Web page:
twined round her head, and her long, soft, fair hair hung down
nearly to her waist.
And do I see two little pilgrims? she said, stretching out
a hand to each of the children, and looking at them with her
bright wonderful eyes. "Welcome, my darlings, welcome! "
Oh, please, pretty lady," began Primrose-then she stopped
and looked in a distressed way at her brother. "I am quite
certain we are going wrong, Bee," she said.
"Nonsense!" said Buttercup, giving his little person a shake.
"I didn't think you'd be such a silly girl, Rose. I am not afraid.
Please, kind lady," he added, looking up with his dear little
confident face into that of the beautiful violet lady-" please can
you tell us the right way to get to the Blue Mountains?"
It depends on how you want to go," replied the lady gently.
"Do you wish to go the easy way or the difficult way?"
Why, the easy, of' course," replied Bee, without a moment's
"Well, this is the easy way. Do you see those Rose MIoun-
tains over there? They are very lovely, are they not?"
Oh, yes oh, yes said Primrose, her eyes brightening.
"Do you know, pretty lady, that I never noticed them before."
They don't look far off, either," continued the lady, fixing
her gaze full on the child.
No, they seem quite near."


"Well, through the Rose Mountains which you see just across
that little valley, there is a straight even road, perfectly level,
which leads directly to the Blue Mountains. It is much the
best way to go. Much, much the shortest way."
Thank you," said Buttercup. I am very glad indeed we
met you."
You needn't thank me, my dear little boy. I stand at this
stile for an hour or two every day to show little pilgrims like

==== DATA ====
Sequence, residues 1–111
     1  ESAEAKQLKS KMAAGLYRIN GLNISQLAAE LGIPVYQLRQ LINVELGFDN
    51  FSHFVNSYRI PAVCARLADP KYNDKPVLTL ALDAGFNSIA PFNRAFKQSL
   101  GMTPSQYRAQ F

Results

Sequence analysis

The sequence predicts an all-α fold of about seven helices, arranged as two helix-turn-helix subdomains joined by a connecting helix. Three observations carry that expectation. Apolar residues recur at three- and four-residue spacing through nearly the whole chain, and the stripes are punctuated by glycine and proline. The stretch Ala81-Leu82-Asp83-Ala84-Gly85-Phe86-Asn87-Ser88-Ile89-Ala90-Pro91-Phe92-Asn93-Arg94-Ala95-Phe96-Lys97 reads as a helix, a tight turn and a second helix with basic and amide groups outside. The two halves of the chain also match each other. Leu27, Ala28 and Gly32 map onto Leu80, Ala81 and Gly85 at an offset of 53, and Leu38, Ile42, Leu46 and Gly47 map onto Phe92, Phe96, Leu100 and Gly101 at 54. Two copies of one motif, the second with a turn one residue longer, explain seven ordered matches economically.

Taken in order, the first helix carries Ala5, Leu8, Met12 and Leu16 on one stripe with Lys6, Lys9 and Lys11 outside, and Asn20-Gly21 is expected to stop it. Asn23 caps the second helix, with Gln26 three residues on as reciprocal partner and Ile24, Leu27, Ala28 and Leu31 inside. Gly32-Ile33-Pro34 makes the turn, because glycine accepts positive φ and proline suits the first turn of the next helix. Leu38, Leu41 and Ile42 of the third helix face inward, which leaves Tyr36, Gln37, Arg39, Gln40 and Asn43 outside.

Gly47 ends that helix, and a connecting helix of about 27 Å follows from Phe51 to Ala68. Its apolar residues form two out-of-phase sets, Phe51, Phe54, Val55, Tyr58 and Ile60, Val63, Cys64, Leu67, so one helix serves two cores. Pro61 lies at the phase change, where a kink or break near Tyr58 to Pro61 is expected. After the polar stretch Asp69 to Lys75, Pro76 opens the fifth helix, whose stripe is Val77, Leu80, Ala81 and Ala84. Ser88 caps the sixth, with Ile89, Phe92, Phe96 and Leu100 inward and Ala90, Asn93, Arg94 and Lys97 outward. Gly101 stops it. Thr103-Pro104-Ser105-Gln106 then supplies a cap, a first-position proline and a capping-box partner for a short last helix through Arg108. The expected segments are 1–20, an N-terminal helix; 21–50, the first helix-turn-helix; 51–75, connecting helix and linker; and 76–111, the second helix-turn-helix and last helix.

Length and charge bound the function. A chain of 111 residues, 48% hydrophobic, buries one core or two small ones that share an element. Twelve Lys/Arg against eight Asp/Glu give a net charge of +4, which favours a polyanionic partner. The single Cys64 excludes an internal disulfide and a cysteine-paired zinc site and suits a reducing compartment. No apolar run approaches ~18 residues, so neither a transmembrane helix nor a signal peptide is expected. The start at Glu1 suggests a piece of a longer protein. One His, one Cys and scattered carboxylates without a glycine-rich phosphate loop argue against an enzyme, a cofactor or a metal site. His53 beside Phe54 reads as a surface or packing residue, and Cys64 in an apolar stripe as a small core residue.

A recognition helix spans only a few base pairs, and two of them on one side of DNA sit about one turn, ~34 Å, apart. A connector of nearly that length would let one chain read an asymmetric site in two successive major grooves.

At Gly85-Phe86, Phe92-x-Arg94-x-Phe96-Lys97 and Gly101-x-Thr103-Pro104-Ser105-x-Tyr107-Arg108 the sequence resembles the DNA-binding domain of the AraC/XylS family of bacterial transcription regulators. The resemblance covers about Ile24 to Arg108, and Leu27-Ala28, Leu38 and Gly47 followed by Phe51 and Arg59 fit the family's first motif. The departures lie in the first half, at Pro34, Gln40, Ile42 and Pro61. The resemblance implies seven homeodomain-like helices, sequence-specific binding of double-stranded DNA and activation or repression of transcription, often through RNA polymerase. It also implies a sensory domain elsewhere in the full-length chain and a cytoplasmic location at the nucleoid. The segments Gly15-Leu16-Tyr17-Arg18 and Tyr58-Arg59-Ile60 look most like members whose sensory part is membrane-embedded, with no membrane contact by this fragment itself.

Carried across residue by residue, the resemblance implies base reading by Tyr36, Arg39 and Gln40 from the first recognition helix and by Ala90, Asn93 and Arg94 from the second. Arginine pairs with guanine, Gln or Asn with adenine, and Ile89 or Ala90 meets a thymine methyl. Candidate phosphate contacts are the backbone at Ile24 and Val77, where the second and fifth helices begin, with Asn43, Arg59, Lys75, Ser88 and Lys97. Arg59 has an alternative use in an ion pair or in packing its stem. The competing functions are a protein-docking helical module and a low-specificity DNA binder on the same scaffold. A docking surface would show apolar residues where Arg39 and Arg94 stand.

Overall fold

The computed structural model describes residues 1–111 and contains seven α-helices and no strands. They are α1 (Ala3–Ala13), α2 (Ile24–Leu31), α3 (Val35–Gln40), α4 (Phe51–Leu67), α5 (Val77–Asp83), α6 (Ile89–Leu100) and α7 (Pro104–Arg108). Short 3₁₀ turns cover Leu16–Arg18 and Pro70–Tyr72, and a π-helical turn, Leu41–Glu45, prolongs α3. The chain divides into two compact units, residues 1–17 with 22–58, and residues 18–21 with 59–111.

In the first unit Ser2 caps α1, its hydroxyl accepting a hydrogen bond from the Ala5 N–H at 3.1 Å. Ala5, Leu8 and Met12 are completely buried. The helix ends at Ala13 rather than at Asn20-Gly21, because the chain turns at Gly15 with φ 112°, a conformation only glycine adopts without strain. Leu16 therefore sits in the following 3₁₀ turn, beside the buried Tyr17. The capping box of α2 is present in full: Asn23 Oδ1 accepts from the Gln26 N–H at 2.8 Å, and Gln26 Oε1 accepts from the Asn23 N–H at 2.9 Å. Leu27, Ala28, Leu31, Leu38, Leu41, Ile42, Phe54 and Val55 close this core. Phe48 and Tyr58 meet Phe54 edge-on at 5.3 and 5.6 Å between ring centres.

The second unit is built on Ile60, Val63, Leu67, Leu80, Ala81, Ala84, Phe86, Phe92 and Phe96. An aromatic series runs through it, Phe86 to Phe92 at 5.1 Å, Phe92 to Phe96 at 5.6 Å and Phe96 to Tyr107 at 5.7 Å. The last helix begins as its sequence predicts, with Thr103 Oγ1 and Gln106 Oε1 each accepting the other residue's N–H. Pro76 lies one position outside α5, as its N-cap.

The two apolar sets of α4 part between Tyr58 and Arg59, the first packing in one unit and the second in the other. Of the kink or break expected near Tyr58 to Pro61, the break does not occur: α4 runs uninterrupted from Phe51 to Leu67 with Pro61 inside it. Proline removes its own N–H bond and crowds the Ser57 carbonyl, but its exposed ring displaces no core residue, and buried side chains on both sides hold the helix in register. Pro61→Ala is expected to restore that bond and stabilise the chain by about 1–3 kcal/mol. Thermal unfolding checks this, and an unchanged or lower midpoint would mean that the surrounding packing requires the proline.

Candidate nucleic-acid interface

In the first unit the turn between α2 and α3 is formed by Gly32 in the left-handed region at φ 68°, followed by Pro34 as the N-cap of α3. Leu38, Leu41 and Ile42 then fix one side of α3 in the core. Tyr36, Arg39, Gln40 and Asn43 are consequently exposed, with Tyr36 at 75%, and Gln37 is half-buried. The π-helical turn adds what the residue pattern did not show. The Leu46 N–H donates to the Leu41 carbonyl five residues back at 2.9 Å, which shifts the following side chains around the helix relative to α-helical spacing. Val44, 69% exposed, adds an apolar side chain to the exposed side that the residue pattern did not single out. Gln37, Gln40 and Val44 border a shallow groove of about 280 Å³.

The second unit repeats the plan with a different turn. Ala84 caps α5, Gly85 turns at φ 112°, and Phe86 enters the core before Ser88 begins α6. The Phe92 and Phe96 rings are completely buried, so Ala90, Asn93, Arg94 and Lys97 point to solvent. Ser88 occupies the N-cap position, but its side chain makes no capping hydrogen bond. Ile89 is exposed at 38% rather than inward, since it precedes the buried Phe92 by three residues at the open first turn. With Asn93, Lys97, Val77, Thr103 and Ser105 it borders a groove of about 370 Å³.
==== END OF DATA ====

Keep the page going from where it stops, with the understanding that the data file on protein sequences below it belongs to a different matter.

yourself a new way to the Blue Mountains. It is a very, very
pretty, delightful way, and I am so glad that I am in time to
prevent your going that horrid up-hill path, which some children
are silly enough to take."
"But my brother and sister went to the Blue Mountains this
morning, and I am quite sure they went up-hill," said Primrose.
Well, dear," replied the lady, in a gentle tone, I can only
say that I am sorry for them. They will arrive, of course, but
they will take a much longer time on the road. If you go to
the Blue Mountains by way of the Rose Mountains, you will
reach the Golden Country at the other side of the Mountains
long before your brother and sister. Here, go right through this
path. You will soon find an inn where you can rest."

A `



AM so glad we didn't go with the others,"
said Buttercup, as the two children walked
briskly along. Oh, what a silly pair we'd
have been if we had got up at sunrise this
morning and begun to walk up those tire-
some steep hills. Now you see, Rose, who
was right ? I always knew that I was the
wise one. It is much, much wiser to take
things quietly. I always do-I never excite myself."
It certainly is much nicer to walk down hill," said Rose,
"and that pretty violet lady must know the right way. But
what puzzles me is this: when we lived so close to the Rose
Mountains all our lives, why did we never notice them before?"
"Because we were silly, I suppose," said Buttercup, in the
unconcerned sort of fashion in which he avoided any subject
which puzzled him. The Rose Mountains are very pretty, are
they not, Primrose-much prettier than the Blue?"
They are lovely, certainly," replied Primrose; and they looked
so at this moment.
A golden mist was all over them, and many shifting rainbow
sort of colours came and went along their summits, until it seemed
to the little girl's excited fancy that she saw fairy people looking
at her and beckoning to her from the tops of the mountains.
The children walked on for a couple of hours. Then they
came to a small rustic cottage, at the door of which a very small
and wrinkled old man was standing. He had a long white beard,


and keen, deep-set black eyes, and a nose which was very much
hooked, and long silvery hair which flowed back from his high
forehead. There was something peculiar about him, but he did
not look unpleasant; and his voice was wonderfully sweet and
Welcome, my dear children," he said in a cordial and affectionate
manner. I have been standing here waiting for you for some time.
How late you are in coming!- the dinner is getting quite cold."
"The dinner," said Buttercup, running forward eagerly. What